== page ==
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Radiation Measurements in Simulated Ablation Layers

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Final rept. 1 Jul 2009-30 Jul 2010

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In this study, radiation in ablating shocklayers over a scale Stardust model at 9 kms was measured during the 80 microsecond steady test flow produced in a high enthalpy super-orbital expansion tunnel. The presence of an ablating shock layer when an epoxy coating is used with air and nitrogen test gases is shown by spectrometric and high speed camera data, and is in agreement with previous experimental results. Shock layer radiation is found to be strongest in the UV and visible portions of the electromagnetic spectrum, in both ablating and non-ablating shock layers. Shock layer radiation is greatly increased in ablating shock layers than in non-ablating shock layers when both air and nitrogen test gases are used. A nitrogen test gas is thought to produce a higher temperature shock layer than when air is used, implying that oxygen in air has a cooling effect on shocklayer radiation, due to the dissociation of the oxygen molecules which occurs. Shocklayer radiation in the near-IR is far weaker than that in the UV and consists of atomic, rather than molecular, transitions. As such, no distinct ablation layer is visible in the IR spectral data, however there is a doubling in radiance in the presence of an epoxy coating.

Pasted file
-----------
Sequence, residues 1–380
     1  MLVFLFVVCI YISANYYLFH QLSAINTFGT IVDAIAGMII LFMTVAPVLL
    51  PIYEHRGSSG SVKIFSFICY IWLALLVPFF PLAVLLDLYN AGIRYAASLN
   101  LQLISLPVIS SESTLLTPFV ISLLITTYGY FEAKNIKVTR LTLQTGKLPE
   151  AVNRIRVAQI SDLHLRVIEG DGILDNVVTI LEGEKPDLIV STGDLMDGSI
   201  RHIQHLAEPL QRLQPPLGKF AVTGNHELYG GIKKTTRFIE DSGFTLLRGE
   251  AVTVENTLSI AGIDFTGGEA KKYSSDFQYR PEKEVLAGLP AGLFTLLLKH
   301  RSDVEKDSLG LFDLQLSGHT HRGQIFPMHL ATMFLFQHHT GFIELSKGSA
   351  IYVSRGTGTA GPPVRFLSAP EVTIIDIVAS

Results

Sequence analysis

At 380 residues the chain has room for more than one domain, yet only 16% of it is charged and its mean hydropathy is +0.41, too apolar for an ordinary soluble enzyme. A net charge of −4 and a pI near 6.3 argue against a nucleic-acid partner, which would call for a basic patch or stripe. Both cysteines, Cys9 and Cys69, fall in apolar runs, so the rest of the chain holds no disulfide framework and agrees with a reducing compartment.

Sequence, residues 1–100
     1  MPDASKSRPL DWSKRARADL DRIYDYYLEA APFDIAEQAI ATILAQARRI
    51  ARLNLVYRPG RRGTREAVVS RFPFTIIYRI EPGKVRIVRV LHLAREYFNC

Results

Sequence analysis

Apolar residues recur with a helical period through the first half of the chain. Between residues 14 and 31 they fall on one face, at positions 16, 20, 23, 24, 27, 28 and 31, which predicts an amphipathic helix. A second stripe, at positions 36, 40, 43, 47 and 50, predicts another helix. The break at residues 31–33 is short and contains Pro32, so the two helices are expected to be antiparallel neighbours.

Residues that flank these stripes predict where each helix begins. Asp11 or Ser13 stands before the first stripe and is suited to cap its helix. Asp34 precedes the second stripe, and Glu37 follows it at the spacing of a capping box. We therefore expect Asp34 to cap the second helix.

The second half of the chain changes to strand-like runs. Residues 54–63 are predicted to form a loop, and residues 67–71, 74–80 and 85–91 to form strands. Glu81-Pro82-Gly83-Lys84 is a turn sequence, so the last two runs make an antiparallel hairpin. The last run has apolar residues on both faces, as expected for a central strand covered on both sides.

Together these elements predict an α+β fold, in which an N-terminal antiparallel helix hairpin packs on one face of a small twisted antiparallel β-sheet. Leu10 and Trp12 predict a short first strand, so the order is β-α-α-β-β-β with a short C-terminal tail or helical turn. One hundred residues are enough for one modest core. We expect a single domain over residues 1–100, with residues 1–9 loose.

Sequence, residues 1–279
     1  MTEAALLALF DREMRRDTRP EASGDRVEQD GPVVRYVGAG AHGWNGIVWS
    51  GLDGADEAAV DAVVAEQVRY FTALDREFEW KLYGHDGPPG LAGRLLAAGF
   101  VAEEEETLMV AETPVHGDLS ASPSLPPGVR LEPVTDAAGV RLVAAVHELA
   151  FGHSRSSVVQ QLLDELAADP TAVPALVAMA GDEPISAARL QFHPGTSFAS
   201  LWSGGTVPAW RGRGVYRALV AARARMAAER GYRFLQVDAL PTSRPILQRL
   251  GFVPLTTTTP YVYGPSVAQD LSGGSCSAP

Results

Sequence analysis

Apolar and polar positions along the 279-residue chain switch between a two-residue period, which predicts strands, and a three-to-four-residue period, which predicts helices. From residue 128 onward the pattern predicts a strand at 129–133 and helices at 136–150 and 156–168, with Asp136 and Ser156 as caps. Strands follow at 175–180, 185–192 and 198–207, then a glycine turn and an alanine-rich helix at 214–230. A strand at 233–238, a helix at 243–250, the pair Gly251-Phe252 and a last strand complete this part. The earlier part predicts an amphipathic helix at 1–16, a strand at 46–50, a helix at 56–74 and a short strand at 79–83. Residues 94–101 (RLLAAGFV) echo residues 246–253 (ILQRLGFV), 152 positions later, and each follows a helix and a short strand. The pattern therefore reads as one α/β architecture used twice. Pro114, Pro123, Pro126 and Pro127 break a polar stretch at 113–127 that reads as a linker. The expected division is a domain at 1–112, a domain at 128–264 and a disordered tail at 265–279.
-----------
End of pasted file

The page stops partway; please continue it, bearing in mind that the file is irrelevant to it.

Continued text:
Subject Categories:

  • Fluid Mechanics
  • Mechanics
  • Thermodynamics

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